A Look At The New York Mets Top Catching Prospects

The catcher position is one that the Mets have been trying to address for a few seasons now. Josh Thole has started the most games behind the plate since the days of Mike Piazza and then Paul LoDuca, but Thole is far from the traditional offensive catcher.

Unless you are Charles Johnson behind the plate, the organization and fans are going to want some sort of offensive production. Johnson was never known for his offense, but he did have some very productive offensive seasons. There were years where he knocked over 20 home runs out of the park. If Thole could do that, we wouldn’t be having this discussion today. However, three home runs and a .260 average just isn’t going to cut it.

Due to Thole’s light hitting, catcher is a position that Sandy Alderson is trying to fix going forward. The team brought in Kelly Shoppach, but he hasn’t been much of an upgrade from what the Mets already have in place. Alderson can try to address the catching situation in free-agency, or trade. But when all else fails, there is a crop of catchers down on the farm for the Mets who may be looking to take advantage of the current catching situation.

Most of the top catching prospects are still in the lower rungs of the minor league system, so we can’t expect any of these guys to make an impact until at least 2014-more realistically not until 2015. Here are three guys that could be in the catching mix in the next couple of years.

3. Tomas Nido 
2012 Stats: .242/2/15 in 38 games with Kingsport

Nido was drafted out of high school in the 8th round of the 2012 MLB draft. He has tremendous raw power. The problem with Nido is that due to mechanical flaws with his swing, he hasn’t been able to unlock that potential power. When everything clicks, he can hit the ball a country mile, but right now it has primarily been reserved for batting practice. He has a high leg kick and drops his hands to try and generate more power. The swing looks great during BP, and may have led to success in high school, but at the pro level the pitchers will eat him up.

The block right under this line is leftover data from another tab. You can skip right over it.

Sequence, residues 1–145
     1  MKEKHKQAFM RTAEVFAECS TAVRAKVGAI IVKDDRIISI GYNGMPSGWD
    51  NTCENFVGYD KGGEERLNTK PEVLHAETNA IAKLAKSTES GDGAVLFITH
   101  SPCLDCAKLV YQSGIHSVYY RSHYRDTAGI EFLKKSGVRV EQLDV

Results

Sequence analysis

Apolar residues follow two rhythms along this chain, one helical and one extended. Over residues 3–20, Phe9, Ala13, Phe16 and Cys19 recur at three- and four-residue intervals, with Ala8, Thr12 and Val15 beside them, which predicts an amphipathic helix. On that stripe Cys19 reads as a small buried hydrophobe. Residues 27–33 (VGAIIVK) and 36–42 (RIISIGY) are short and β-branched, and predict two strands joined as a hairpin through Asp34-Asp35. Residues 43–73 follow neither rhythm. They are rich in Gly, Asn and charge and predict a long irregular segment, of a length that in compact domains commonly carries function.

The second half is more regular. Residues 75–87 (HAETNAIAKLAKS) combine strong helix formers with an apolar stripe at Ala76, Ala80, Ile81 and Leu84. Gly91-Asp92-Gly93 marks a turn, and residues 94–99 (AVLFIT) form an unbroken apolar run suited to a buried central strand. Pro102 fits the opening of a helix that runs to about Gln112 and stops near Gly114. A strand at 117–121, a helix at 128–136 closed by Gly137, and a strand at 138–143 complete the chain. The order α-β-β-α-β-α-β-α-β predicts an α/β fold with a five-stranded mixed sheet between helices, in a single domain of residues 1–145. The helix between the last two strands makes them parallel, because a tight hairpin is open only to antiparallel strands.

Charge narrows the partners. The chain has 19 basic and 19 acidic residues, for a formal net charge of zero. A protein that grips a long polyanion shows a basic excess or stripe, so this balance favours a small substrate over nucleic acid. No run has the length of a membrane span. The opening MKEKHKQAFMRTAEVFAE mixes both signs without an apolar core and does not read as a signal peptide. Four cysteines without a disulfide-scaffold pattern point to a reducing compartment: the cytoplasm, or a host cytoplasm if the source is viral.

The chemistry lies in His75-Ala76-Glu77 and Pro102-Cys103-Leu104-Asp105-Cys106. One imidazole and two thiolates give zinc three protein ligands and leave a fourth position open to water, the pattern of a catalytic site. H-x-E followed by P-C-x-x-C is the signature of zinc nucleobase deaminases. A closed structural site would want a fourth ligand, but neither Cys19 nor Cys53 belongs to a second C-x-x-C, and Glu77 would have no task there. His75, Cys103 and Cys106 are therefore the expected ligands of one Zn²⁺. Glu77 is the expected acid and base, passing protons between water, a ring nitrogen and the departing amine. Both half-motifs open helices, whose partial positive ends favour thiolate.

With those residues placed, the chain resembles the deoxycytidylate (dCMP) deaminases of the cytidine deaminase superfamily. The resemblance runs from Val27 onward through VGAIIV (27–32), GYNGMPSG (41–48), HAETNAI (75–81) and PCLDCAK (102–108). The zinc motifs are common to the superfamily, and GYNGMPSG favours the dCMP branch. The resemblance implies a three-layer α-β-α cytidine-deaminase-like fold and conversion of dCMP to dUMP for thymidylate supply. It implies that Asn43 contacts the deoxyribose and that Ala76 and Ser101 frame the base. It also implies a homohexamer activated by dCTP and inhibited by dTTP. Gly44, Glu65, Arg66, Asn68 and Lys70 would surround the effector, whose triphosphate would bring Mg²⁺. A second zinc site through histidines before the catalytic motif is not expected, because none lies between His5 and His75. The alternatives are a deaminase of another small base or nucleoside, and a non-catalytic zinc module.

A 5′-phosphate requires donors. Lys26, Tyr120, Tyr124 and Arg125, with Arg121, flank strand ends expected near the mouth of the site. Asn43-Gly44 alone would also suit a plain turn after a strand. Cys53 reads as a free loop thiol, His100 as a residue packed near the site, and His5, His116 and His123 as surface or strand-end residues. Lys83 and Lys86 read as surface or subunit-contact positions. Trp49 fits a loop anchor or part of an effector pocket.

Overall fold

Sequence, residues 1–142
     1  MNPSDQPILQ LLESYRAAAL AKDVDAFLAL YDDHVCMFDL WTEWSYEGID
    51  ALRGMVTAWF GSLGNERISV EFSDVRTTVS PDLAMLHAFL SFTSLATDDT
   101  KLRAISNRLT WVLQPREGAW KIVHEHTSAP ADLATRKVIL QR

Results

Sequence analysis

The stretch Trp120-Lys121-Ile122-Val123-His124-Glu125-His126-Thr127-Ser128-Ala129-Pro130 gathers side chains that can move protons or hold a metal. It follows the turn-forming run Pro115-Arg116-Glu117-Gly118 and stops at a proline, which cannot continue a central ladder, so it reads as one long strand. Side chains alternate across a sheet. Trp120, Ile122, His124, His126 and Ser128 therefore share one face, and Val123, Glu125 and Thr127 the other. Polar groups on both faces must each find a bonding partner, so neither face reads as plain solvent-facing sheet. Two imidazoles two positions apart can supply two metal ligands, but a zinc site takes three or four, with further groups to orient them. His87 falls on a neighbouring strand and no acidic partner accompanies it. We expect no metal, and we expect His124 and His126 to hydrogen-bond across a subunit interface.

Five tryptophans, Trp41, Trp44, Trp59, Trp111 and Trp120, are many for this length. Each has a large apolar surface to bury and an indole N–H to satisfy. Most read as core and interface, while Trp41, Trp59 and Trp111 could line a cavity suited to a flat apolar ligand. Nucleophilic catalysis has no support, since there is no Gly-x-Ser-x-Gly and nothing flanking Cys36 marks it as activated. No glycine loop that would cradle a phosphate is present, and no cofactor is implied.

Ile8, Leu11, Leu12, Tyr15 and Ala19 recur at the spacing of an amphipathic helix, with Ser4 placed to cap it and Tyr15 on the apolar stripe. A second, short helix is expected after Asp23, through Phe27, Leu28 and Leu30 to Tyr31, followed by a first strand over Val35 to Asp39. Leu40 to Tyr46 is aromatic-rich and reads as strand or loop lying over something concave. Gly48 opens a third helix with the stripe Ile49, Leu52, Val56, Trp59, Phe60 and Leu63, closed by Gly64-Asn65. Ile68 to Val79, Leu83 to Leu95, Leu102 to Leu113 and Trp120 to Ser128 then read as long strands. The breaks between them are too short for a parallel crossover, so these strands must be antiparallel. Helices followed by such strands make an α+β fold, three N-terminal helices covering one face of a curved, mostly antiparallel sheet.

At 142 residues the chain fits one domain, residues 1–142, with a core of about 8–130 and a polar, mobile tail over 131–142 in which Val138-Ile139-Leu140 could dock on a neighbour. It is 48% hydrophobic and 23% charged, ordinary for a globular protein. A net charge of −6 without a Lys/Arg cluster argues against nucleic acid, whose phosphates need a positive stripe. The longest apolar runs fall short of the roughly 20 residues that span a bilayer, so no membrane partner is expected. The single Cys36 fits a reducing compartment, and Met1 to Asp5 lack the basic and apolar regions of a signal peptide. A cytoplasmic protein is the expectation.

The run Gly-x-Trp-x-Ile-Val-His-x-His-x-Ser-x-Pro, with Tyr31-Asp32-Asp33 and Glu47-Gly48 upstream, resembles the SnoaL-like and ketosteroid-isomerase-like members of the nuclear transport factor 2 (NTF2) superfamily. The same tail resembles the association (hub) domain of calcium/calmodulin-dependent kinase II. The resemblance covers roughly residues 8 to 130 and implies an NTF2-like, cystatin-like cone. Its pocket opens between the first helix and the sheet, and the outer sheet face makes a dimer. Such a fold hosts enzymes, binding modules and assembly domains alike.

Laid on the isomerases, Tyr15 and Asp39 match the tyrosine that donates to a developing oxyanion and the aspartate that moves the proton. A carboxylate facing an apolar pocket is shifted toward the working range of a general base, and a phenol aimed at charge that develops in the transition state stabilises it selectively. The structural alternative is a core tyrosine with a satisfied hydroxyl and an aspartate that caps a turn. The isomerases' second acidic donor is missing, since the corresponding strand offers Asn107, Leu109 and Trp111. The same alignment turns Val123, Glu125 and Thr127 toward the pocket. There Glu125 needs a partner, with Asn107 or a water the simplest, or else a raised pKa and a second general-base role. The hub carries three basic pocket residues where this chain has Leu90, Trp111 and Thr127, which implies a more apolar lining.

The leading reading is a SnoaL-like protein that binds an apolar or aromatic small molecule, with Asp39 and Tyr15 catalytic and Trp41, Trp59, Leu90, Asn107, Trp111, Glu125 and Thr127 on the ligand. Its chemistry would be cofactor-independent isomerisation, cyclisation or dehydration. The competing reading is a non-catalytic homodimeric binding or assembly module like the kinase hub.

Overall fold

Nido will have to work on quieting his swing – focus on getting his hands quickly through the zone and drive through the ball. He will learn that is the best way to take advantage of his power. He is still young (going to be 19 next spring), so he still has time to make adjustments. If he can get his swing together, he could be a Mike Napoli type of offensive catcher in the near future.

2. Camden Maron
2012 Stats: .300/5/47 in 93 games with Savannah

Everyone loves a local prospect. Maron was drafted out of high school in 2009 from of Hicksville, NY. He was once considered the top catching prospect in the organization, but was surpassed in 2012. He profiles similar to Josh Thole, which isn’t making many Mets fans jump for joy.

Maron is a slap hitting catcher with minimal power. He makes consistent contact and uses the entire field. However, the team already has a Josh Thole-like player in Josh Thole, so don’t expect Maron to be much more than a serviceable backup if and when he makes it to the show.

1. Kevin Plawecki
2012 Stats: .250/7/27 in 61 games with Brooklyn

Plawecki was taken with the 35th pick in the 2012 MLB draft. He’s an offensive minded catcher, and makes consistent contact. He’s not known for his power, but he can drive the ball to the gaps and put one over the fence every once in awhile. He has 20+ homerun potential.

Plawecki is a solid defender, and calls a good game. He has a very accurate arm and can definitely develop into a solid everyday catcher at the big league level. Expect him to start 2013 in Savannah, and potentially make the jump to Binghamton. After spending a few years in college, there should be less of a need to polish his game in the lower levels of the organization. If he continues to progress, expect Plawecki to join the Mets sometime in late 2014 or 2015.


Plawecki seems like the most likely candidate to be behind the dish in the near future for the Mets. With Maron’s profile, he may also put on the blue and orange one day, but it would most likely be in a backup role. The wildcard in the prospect mix is clearly Nido. If he can develop and start tapping into his power, the Mets will have a very dangerous hitter at their disposal. Keep your eyes on Nido, he has the potential to give the Mets their first home run threat from behind the plate since Mike Piazza.

All of these prospects are at minimum two full seasons away from breaking in with the big league team. Unless Alderson is satisfied with waiting to see if one of these guys pan out and decides to stick with Thole in the mean time, they will have to address the catching situation in either free agency or trade.